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Should I die, this blog will serve as my son's source of virtual mama.

If I live, I won't have to repeat myself.

sigers writes fiction and nags her son in austin, texas. 

I want you to know how hard I am working to make sure you feel like the protagonist.

I want you to know how hard I am working to make sure you feel like the protagonist.

You know what has become so very delightful about you? I now get verbal confirmation from you that my nagging is totes working.

ME: Hard work?

YOU: Pays off.

ME: (rubbing my hands) MUHAHAHAHAHAHAHAHAHA!

YOU: Nobody else’s mom is like this. What is wrong with you?

Whatevs.

Anyhow, you require less savings of my brain and more direct deposit. I tell-nag you more than I write-nag you. 

But one day when you are an adult … an adult with an undergrad from Stanford and a doctorate from Yale who between chess, fencing and academic scholarships managed to code sweaters for the needy in Sibera who has married a person that I like and respect and the two of you NOT ONLY do not live with me, but have a wonderful property with private quarters, a champagne fountain and a flock of guinea fowl for me which you INSIST that I live in for part of the year … yes, boy, when you are THAT adult, you might wonder where I was going with all of my crazy. So sometimes I’m going to write so  you can understand what I was trying to do with some aspects of my parenting. , 

The thing I am grappling with lately, is tackling the anti-black images that we are all bombarded with. Both subtle, and FOX News.

You aren’t going to be a conscious brother by osmosis. I’m adjusting my lifestyle to show my work, so to speak.

For example, I normally buy Elle magazine. But I consume a lot of relevant beauty content from Essence/Ebony/Jet online. But now, I am going to get a subscription to every black magazine except King. You need to SEE black people on the coffee table. 

I have to make sure you know how I feel about little black girls and other black women. Lupita N'yongo is gracing the cover of Vogue this month and I must have taken you to the grocery store a billion times to see if it was in Austin yet. We did a little “Loo-pee-TAH!” conga line over to the magazine stand, only to see last month’s cover girl.

This happened so many times that I thought you might start yelling, “GODDAMMIT! Still Charlize!”

I caaaarefully planned your introduction to the Huxtables. Not too early or you’d be bored. Not too late or you’d be JJ from Good Times.

It worked. You LOVE The Cosby Show. You want to be Theo. You love his haircut. You love the way he dresses.

That is all we watch at night. There are other good family programs, but hardly any where the black people are the protagonist. If they are, it is about how Jayquan grew up in the ghetto and survived anyway.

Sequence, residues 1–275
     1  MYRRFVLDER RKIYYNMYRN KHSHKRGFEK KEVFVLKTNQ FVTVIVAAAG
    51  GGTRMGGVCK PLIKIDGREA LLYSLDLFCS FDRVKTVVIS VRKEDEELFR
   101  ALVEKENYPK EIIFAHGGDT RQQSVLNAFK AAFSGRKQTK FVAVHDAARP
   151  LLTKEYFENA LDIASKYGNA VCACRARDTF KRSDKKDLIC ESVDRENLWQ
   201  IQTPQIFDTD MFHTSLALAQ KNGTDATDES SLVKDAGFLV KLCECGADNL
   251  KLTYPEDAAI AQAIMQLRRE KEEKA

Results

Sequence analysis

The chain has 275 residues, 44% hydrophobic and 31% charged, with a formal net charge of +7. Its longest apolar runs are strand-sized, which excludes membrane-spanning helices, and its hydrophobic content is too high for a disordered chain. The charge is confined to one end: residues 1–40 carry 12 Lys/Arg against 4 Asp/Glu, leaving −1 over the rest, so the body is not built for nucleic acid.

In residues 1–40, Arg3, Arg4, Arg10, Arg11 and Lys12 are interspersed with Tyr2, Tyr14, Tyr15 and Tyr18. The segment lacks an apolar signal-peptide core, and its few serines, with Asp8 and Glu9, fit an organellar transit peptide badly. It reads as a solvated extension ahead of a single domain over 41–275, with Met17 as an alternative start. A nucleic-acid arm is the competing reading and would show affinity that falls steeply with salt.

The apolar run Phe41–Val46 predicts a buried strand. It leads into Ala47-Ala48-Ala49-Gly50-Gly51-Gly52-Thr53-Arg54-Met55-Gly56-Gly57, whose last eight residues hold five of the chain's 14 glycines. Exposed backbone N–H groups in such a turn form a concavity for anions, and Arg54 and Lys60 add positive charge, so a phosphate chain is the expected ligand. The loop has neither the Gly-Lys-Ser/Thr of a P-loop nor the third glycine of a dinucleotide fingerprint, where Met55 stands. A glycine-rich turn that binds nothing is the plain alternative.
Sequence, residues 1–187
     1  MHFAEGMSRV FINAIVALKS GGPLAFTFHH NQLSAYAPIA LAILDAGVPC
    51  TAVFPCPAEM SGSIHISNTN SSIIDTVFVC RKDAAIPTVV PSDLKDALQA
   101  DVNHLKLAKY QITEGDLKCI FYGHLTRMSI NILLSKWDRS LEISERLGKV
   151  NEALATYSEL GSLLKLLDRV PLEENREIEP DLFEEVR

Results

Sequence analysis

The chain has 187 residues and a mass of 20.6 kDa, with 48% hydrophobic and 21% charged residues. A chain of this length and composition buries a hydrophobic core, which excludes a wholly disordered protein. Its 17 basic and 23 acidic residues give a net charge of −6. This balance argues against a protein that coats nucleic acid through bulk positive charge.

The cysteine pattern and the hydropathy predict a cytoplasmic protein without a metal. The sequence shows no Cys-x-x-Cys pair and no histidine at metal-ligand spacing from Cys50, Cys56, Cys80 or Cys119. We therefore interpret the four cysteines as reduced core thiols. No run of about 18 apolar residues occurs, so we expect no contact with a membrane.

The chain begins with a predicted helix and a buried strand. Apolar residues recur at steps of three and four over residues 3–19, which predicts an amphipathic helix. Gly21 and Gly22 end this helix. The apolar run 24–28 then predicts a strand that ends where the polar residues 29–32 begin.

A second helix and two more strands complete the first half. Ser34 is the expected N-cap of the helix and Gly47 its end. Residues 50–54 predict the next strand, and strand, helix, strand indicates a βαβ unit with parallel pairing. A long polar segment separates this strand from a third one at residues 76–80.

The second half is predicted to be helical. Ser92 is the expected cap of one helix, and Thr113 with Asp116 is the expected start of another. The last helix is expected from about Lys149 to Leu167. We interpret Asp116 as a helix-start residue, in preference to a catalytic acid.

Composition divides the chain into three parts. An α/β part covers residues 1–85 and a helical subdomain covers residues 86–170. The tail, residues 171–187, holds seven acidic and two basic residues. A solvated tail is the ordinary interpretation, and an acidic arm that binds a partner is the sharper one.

I will not teach you that you are a sidekick in the world. YOU are the main character and your life is not a tragedy you have to overcome.

Clearly no news programs. And no radio.

I have an entire playlist devoted to you being able to scream “WHAT YOU KNOW ABOUT THAT, YOUNG ‘UN?” whenever an Isley Brothers song comes on.

When I just want something on the television, I play Brooklyn Castle for you. It blew your mind that a kid who looks closer to Biggie than Eminem could be brilliant. In fact, you kinda want to BE Justus Williams, and it tickles me SO MUCH.

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YOU: The BROWN GUY? He’s the BEST at CHESS?

But you know what hurts?  Already, you could hardly believe that the white kid in the movie was NOT the best player. Nowhere close to the best. You kept asking, incredulous, the brown boy is better?

I was a VORTEX OF THE FEELS. 

Well, to be accurate, the “feels” and the “pissed.”

Curating your personal library is also a crusade. Finding enough well-written, beautifully illustrated children’s books featuring black kids is exhausting. Everything is maaaaybe multicultural or “He ain’t heavy, he’s my lil’ brother." 

We are in the process of writing a few of our own (under your CREATOR brand pillar). If you don’t like something in the world, solve it.

I even think about the art in my house. For a while I had a looootta oil portraits of white folks. They were cumulatively creepy. Like an oil magnate’s library. I put them in the bedroom. Because it cracked me up to watch my friends’ faces - YOU SLEEP IN HERE? THEY’RE ALL … WATCHING YOU!

But my warped sense of humor is mostly wasted on you right now. You’d just see a lot of white people. If I only find white faces worthy of display, what does that say to you?

Much to the relief of my friends, that rogue’s gallery had to be taken down. Now that doesn’t mean I replace all my art with black folks, but I am very conscious of the balance. 

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Luckily, I have gorgeous family portraits to put up and the people in them are beautiful enough to qualify as art.

Also, I’m not above helping people be more inclusive. Sometimes it’s nothing that a brown crayon can’t fix …

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You’re welcome, IKEA.

My other little tirade concerns crayons and worksheets and products. Adults are having a hard time learning that there is no such color as "flesh.” Your color of flesh is flesh. So is mine. So is your grandfather’s. So is Auntie Seng’s. All of them. Unless it is clear? I don’t want it described as “flesh” or “nude.”

For the good of all you kids, mommy is going to have to teach some grownups a few lessons on color.

You didn’t think you were the only one on the receiving end of mommy’s nagging, did you?

I want you to know why I have RUINED all your beloved kid's media.

I want you to know why I have RUINED all your beloved kid's media.

I want you to find your teachers.

I want you to find your teachers.